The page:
System for Rapid Analysis of Ionospheric Dynamics based on GNSS TEC Signals
System for Rapid Analysis of Ionospheric Dynamics based on GNSS TEC Signals (S-RAID) performs downloading, parsing, and processing of Global Navigation Satellite System (GNSS) signal measurements and their geometry of observations, calculation of slant and vertical total electron contents (sTEC and vTEC) and subsequent visualization for selected band-passes of fluctuations with periods shorter than two hours. In a routine operation, the System processes 15/30 sec GNSS signal measurements over Continental United States (CONUS) from ~2700 stations. Raw GNSS signal measurements are collected from public archives, including The Crustal Dynamics Data Information System (CDDIS), EarthScope/UNAVCO, National Oceanic and Atmospheric Administration (NOAA), and Scripps Institution of Oceanography's Orbit and Permanent Array Center (SOPAC). The System is oriented towards rapid access to GNSS sTEC/vTEC data for the investigation of traveling ionospheric disturbances (TIDs) of various nature, from large scale TIDs to irregularities of ~10s of km and minutes of periods, in particular those driven by atmospheric acoustic and gravity wave dynamics. The details of data processing methodology are provided the section Steps to Reproduce below, and in (2) and Supporting Information to it. Currently, this archive provides an access to high-resolution visualization of processed vTEC mapped over CONUS for years 2017-2023. The structure of the archive: /YYYY/MM/DD/animation.mp4, where YYYY - year, MM - month, DD - day of month, animation.mp4 - temporally evolving visualization of processed vTEC (see Steps to Reproduce for the details of data processing methodology). To reference the archive or the methodology for data processing, we suggest to: (1) Cite this archive by its DOI: 10.17632/jbx98yscmd.1, and/or (2) Cite Inchin, P. A., et al. (2023). Multi-layer evolution of acoustic-gravity waves and ionospheric disturbances over the United States after the 2022 Hunga Tonga volcano eruption. AGU Advances, 4. https://doi.org/10.1029/2023AV000870. Being processed in an automated regime, the visualizations may contain errors and bugs and thus should be used with caution as is. If you encounter any issues or wish to obtain data for animation replication, contact Inchin P.A. email@example.com, firstname.lastname@example.org, J.B. Snively email@example.com or M.D. Zettergren firstname.lastname@example.org. Research is supported by DARPA Cooperative Agreement HR00112120003. This work is approved for public release; distribution is unlimited. The content of the information does not necessarily reflect the position or the policy of the Government, and no official endorsement should be inferred.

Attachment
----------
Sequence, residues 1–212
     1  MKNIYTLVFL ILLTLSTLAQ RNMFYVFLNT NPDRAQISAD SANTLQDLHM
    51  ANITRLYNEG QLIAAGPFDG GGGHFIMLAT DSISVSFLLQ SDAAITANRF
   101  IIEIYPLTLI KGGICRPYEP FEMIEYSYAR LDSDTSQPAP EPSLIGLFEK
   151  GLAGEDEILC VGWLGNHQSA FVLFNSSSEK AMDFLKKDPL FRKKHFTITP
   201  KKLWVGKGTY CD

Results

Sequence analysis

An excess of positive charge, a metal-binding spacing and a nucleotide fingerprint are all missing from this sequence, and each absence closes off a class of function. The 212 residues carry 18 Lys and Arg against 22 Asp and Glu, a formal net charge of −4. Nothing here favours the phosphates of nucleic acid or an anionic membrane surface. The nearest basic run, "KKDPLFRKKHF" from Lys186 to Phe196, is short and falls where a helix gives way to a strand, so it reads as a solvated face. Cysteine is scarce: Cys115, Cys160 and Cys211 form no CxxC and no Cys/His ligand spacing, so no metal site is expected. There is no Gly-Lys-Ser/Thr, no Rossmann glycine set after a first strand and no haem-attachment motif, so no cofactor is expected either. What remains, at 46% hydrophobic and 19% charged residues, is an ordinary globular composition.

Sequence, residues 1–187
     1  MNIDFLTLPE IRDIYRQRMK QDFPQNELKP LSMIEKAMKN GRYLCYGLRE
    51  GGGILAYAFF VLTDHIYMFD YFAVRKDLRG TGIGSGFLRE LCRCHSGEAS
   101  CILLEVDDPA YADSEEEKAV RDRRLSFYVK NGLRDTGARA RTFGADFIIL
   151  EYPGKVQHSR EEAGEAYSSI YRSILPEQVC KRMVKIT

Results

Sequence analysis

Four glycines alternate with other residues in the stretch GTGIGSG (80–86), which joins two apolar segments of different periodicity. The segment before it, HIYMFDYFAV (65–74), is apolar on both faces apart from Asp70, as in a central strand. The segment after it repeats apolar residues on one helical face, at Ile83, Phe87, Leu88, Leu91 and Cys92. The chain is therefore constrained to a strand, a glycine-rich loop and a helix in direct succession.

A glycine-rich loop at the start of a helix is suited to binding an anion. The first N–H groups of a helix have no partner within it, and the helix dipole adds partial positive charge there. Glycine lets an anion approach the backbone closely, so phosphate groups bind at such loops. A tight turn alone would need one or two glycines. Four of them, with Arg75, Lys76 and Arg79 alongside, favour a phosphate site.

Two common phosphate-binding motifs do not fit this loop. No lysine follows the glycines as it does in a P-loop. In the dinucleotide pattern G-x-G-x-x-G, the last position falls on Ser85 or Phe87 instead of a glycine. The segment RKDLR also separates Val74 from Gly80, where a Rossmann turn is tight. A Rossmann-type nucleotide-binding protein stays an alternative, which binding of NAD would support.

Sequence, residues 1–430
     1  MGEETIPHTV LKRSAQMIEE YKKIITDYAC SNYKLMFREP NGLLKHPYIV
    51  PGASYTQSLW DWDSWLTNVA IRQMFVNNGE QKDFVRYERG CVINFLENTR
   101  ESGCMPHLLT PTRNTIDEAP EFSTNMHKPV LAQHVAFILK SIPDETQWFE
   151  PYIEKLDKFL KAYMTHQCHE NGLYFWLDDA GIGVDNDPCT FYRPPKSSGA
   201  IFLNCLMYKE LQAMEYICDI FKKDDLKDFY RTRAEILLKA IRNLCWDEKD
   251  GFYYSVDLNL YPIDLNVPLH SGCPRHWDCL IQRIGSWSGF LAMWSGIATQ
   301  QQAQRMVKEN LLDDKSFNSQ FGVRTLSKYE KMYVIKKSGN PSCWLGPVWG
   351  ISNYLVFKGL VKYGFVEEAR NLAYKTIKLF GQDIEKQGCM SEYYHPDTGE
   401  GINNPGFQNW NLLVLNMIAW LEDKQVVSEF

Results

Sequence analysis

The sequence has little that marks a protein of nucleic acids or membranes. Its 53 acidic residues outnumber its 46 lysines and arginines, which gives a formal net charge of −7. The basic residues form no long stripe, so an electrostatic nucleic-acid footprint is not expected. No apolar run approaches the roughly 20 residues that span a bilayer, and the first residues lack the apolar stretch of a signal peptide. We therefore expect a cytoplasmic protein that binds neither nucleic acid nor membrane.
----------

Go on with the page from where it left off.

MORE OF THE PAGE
Steps to reproduce
The visualizations in the archive are generated following next steps: 1. Processing vTEC based on phase measurements of GNSS signals on two frequencies for each satellite-station pair. Performing data quality tests and cycle-slip corrections. 2. Calculation of the geometry of observations for each satellite-station pair. The ionospheric pierce point (IPP) locations are calculated with an assumption of a single ionospheric shell height at 300 km altitude. 2. Processing vTEC time series for each satellite-station pair with 10 min high-pass, 5-40 min band-pass, 60 min high-pass, 120 min high-pass Butterworth filter of order 6. 3. Mapping filtered vTEC observations onto a grid over Continental United States with their respective IPP locations. Applying the grid over the region 27-48°N/72-124.5°W. Grid cell size is chosen as 0.125x0.126° in latitudinal and longitudinal directions. 4. Interpolating data at cells with no vTEC observations based on data from neighboring cells. 5. Smoothing the 2D map of filtered vTEC observations using a 3x3 mean filter for visualization purposes. 6. Creating a sequence of snapshots of 2D maps at a 30-second sampling rate to generate the animation. For a more detailed description, you can refer to the publication by Inchin, P. A., et al. (2023), Multi-layer evolution of acoustic-gravity waves and ionospheric disturbances over the United States after the 2022 Hunga Tonga volcano eruption. AGU Advances, 4. https://doi.org/10.1029/2023AV000870 and Supporting Information to it. For further questions, please contact Inchin P.A. (email@example.com, firstname.lastname@example.org).
Defense Sciences Office, DARPA
Additional Metadata for Embry-Riddle
|Arts & Sciences
|traveling ionospheric disturbances, total electron content